Functions, polynomials, limits and graphs

A function is a mapping between two sets, called the domain and the range, where for every value in the domain there is a unique value in the range assigned by the function. Generally functions are defined by some formula; for example f(x) = x2 is the function that maps values of x into their square. The mapping is between all numbers (the domain) and non-negative numbers (the range).

A function is polynomial if it has the form


for some non-negative integer n (called the degree of the polynomial) and some constants a0, a1, …, an where an ≠ 0 (unless n = 0). The function is linear if n = 1 and quadratic if n = 2.

We often use limit notation such as

Limit notation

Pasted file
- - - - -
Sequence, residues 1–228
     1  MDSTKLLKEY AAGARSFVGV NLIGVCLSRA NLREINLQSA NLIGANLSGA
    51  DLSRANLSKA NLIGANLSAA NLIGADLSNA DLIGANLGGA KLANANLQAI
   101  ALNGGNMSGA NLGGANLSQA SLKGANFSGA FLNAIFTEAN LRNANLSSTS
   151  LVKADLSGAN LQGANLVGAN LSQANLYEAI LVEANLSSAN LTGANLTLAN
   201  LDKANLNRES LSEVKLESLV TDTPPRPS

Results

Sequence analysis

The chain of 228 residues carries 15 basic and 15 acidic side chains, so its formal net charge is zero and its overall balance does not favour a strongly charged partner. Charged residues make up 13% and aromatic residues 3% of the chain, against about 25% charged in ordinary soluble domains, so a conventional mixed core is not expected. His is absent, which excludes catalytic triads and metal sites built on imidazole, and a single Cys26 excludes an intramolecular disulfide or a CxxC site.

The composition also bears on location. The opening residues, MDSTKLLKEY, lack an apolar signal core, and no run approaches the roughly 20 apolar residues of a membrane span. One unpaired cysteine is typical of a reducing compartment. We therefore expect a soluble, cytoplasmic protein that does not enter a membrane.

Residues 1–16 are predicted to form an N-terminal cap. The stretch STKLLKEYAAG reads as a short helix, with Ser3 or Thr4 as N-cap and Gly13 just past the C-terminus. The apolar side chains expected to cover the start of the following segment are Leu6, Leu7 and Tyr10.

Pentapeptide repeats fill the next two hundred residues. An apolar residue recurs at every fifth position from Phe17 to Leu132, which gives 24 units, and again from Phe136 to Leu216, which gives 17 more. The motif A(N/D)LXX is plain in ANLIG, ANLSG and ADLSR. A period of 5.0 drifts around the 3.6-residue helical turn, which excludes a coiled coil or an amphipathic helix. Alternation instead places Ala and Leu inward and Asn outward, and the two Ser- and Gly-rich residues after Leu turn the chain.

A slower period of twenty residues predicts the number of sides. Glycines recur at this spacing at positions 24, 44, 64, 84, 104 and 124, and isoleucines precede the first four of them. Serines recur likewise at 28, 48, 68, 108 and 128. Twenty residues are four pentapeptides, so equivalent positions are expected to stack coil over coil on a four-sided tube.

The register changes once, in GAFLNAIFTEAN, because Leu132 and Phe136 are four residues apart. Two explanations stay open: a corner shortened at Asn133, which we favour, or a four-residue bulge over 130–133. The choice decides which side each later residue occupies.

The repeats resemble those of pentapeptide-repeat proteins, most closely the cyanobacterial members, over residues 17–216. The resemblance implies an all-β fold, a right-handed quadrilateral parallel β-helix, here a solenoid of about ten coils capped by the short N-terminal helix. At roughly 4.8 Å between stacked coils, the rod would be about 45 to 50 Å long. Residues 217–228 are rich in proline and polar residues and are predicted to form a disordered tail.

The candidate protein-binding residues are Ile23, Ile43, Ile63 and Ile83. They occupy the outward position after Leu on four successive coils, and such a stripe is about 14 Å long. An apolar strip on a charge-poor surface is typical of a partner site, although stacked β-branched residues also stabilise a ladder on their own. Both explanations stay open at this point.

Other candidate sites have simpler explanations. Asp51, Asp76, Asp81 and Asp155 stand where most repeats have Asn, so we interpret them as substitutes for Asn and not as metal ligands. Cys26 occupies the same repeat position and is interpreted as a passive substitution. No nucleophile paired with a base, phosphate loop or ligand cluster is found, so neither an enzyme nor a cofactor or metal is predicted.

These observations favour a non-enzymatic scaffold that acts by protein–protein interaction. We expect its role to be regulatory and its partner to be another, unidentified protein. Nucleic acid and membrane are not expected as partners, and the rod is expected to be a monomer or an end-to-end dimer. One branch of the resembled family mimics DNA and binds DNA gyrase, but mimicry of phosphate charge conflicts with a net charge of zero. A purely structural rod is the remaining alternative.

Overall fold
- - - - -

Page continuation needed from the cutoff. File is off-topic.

as a shorthand for as x gets larger the value of the function f(xapproaches the value a. Some examples for various values of f(x) are as follows:

Limit x approaches infinity Limit x approaches infinity

We can also evaluate the limit of a function when x approaches some other value. For example in the following example as x gets close to 0 the value of the function approaches 1.

Limit x approaches zro

We can also use the limit notation with series. If xn = 1 – 1/n where n is a positive integer then

Limit series

since the series \frac{1}{2}, \frac{2}{3}, \frac{3}{4}, \frac{4}{5},  … converges to 1.

Often we use a graph to show the relationship between x and f(x). A graph consists of all the points (x,y) in what is called the xy plane where x is in the domain of f and y = f(x). The graph is drawn in a rectangular grid defined by the x-axis (drawn horizontally) and the y-axis (drawn vertically) meeting at a point (0, 0) call the origin. In particular, the graph of y = f(x) for f(x) = x2 is given in Figure 1.

Graph x-squared

Figure 1 – Graph of  y = f(x) where f(x) = x2

A line is a set of points (x, y) such that y = bx + a for some constants a and b. b is called the slope of the line and a is called the y-intercept.

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